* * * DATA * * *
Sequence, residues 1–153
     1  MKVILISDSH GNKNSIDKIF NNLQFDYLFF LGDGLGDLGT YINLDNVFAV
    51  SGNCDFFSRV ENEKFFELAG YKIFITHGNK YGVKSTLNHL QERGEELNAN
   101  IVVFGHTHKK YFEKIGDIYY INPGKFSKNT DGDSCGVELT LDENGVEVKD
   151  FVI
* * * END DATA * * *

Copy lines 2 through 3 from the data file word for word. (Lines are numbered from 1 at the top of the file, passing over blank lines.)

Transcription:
     1  MKVILISDSH GNKNSIDKIF NNLQFDYLFF LGDGLGDLGT YINLDNVFAV
    51  SGNCDFFSRV ENEKFFELAG YKIFITHGNK YGVKSTLNHL QERGEELNAN